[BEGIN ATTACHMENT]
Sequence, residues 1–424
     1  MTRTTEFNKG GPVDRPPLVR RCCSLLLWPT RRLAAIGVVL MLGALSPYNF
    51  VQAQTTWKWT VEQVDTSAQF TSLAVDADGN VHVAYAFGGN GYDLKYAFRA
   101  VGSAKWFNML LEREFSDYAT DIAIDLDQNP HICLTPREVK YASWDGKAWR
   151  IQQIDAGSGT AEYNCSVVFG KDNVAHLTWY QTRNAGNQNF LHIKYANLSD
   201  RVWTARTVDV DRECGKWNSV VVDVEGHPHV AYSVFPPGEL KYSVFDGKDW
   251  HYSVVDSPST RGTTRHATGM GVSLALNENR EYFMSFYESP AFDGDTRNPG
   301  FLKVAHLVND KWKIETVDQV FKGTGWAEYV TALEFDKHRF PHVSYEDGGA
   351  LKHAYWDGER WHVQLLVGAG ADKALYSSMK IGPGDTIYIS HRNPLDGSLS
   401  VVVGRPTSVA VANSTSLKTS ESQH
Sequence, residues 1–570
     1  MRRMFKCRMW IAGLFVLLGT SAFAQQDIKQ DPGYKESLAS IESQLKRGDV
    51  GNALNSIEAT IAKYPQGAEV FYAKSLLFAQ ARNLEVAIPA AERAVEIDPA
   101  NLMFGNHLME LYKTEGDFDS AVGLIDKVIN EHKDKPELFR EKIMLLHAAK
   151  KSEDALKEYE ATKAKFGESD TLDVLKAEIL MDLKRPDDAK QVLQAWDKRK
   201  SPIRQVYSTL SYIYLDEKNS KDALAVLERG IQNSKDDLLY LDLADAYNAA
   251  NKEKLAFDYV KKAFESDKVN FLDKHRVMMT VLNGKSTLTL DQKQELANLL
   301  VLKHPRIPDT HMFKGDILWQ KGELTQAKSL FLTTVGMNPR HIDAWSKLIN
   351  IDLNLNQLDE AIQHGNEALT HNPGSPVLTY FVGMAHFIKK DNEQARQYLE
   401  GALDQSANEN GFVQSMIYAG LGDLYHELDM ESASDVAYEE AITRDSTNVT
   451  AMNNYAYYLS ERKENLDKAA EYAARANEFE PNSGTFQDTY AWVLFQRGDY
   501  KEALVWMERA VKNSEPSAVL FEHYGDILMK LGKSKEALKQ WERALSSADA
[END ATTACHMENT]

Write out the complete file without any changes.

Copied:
Sequence, residues 1–424
     1  MTRTTEFNKG GPVDRPPLVR RCCSLLLWPT RRLAAIGVVL MLGALSPYNF
    51  VQAQTTWKWT VEQVDTSAQF TSLAVDADGN VHVAYAFGGN GYDLKYAFRA
   101  VGSAKWFNML LEREFSDYAT DIAIDLDQNP HICLTPREVK YASWDGKAWR
   151  IQQIDAGSGT AEYNCSVVFG KDNVAHLTWY QTRNAGNQNF LHIKYANLSD
   201  RVWTARTVDV DRECGKWNSV VVDVEGHPHV AYSVFPPGEL KYSVFDGKDW
   251  HYSVVDSPST RGTTRHATGM GVSLALNENR EYFMSFYESP AFDGDTRNPG
   301  FLKVAHLVND KWKIETVDQV FKGTGWAEYV TALEFDKHRF PHVSYEDGGA
   351  LKHAYWDGER WHVQLLVGAG ADKALYSSMK IGPGDTIYIS HRNPLDGSLS
   401  VVVGRPTSVA VANSTSLKTS ESQH
Sequence, residues 1–570
     1  MRRMFKCRMW IAGLFVLLGT SAFAQQDIKQ DPGYKESLAS IESQLKRGDV
    51  GNALNSIEAT IAKYPQGAEV FYAKSLLFAQ ARNLEVAIPA AERAVEIDPA
   101  NLMFGNHLME LYKTEGDFDS AVGLIDKVIN EHKDKPELFR EKIMLLHAAK
   151  KSEDALKEYE ATKAKFGESD TLDVLKAEIL MDLKRPDDAK QVLQAWDKRK
   201  SPIRQVYSTL SYIYLDEKNS KDALAVLERG IQNSKDDLLY LDLADAYNAA
   251  NKEKLAFDYV KKAFESDKVN FLDKHRVMMT VLNGKSTLTL DQKQELANLL
   301  VLKHPRIPDT HMFKGDILWQ KGELTQAKSL FLTTVGMNPR HIDAWSKLIN
   351  IDLNLNQLDE AIQHGNEALT HNPGSPVLTY FVGMAHFIKK DNEQARQYLE
   401  GALDQSANEN GFVQSMIYAG LGDLYHELDM ESASDVAYEE AITRDSTNVT
   451  AMNNYAYYLS ERKENLDKAA EYAARANEFE PNSGTFQDTY AWVLFQRGDY
   501  KEALVWMERA VKNSEPSAVL FEHYGDILMK LGKSKEALKQ WERALSSADA